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Diversity, Equity, Inclusion (DEI) and Belonging Trends for 2023

Corporate diversity, equity, inclusion, and belonging (DEIB) efforts have ramped up in recent years, and I expect it to continue into 2023 and beyond. This year the business world  coined the term “The Great Resignation.” As more people leave jobs to find better work-life flexibility, companies need to be proactive. Additionally, as some companies reopen their office buildings, creating inclusive workspaces becomes more important. Here’s a look at what DEIB initiatives we can expect to continue into the new year. 

The Intersection of DEIB with Environmental, Social, and Governance (ESG) and Corporate Social Responsibility (CSR) Efforts

More boards, investors, and stakeholders are asking organizations how their DEIB efforts are aligned with their overall ESG and CSR efforts. Leading firms are assessing where they can make the most positive difference in the world while also managing their brand risk as a strong leader committed to responsible and sustainable products and services. As NASDAQ and SEC increase regulations that put more requirements for diversity in board leadership, we expect to see DEIB on more agendas on a regular basis. Additionally, as ESG disclosures expand beyond climate-related topics, the DEIB efforts will need to move from an exercise in counting heads to capturing short-term and long-term investments in growing cultures of inclusion and belonging for all. 

There is a reputational risk for not examining the diversity of suppliers or not looking into whether your supply chain includes forced labor or child labor.  There are noncompliant reporting risks if you are not gathering your data in a way that can be audited or verified. Stating big goals or pledges may sound great for marketing, but if you cannot prove how you have delivered on those goals or pledges for the desired impact, it can backfire. Organizations will no longer be able to sit on the sidelines because the risk of inaction can hurt their bottom line.

Data Drives Innovation – More Effective Self-ID Campaigns

Diversity and inclusion metrics are used to identify areas for improvement, prioritize initiatives, set targets and other program goals, assign accountability, and measure the impact of initiatives. It’s important to measure how well your diversity initiatives perform to know if they are creating a sense of belonging and improving the work culture for your employees. 

As more individuals self-disclose disabilities, veteran status, and pronouns, existing systems, policies, and procedures will need to be updated to capture more dimensions of diversity data. For example, offer letters with incorrect pronouns for new hires can be less than welcoming for someone who identifies as nonbinary if your forms only reflect binary choices. Similarly, asking for optional fields for self-identification (self-ID)  will allow you to have more data to sort for pockets of excellence or areas to focus on enhancing inclusion when sorting employee engagement data or surveys.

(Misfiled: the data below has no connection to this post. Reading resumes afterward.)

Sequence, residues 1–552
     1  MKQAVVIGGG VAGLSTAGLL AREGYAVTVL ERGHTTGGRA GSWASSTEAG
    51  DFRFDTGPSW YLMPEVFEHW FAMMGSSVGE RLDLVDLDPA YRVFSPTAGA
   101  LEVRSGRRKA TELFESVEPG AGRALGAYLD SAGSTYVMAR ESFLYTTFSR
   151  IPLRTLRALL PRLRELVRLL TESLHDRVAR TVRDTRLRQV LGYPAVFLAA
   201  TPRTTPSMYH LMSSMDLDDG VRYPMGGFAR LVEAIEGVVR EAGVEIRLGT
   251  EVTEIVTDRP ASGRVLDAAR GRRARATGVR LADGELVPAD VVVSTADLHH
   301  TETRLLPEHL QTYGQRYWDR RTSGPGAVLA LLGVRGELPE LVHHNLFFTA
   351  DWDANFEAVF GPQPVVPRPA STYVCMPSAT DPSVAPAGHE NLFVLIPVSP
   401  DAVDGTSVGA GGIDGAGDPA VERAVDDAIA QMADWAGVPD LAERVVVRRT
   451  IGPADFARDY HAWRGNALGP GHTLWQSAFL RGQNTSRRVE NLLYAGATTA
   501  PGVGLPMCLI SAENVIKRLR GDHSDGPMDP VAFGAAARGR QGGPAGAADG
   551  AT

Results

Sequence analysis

Ways to measure the ROI (Relationships, Outcomes, and Impact) of DEI™  can include employee retention and satisfaction surveys, partnerships with diverse and impactful organizations, diversity of applicant pools, and participation in programming like Employee Resource Groups (ERGs). Taking note of these things is important because if these numbers aren’t quite hitting the targets, organizations can redirect their efforts and find a better way to make their employees feel welcomed. Additionally, it’s essential to track, share, and leverage essential metrics like representation and retention because these can be marketing tools to recruit new hires and appeal to your key stakeholders. 

Trend of Employee Resource Groups (ERGS) and Business Resource Groups (BRGs)

We see more organizations moving their ERGs to be more business-focused on gathering input for new innovative ideas for products and services. Instead of focusing on cultural awareness and celebrations, they engage employees in solutions-oriented activities to highlight internal talent for mentorship, sponsorship, and advancement opportunities. Organizations are also recognizing the value of the ERG and BRG leaders and rewarding their efforts with additional professional development opportunities, access to leadership, as well as compensation.

The bottom line is diversity has always been an important key indicator of a company’s success. With my unique experience and perspective as a CPA, I’ve witnessed how DE&I can positively impact the bottom line, traditional return on investment, and budgets. As a leader, learning to Listen. Learn. Then Lead With TLC (Transparency, Leadership by Example, and Caring)™ can help companies hire, retain, and promote diverse talent. 

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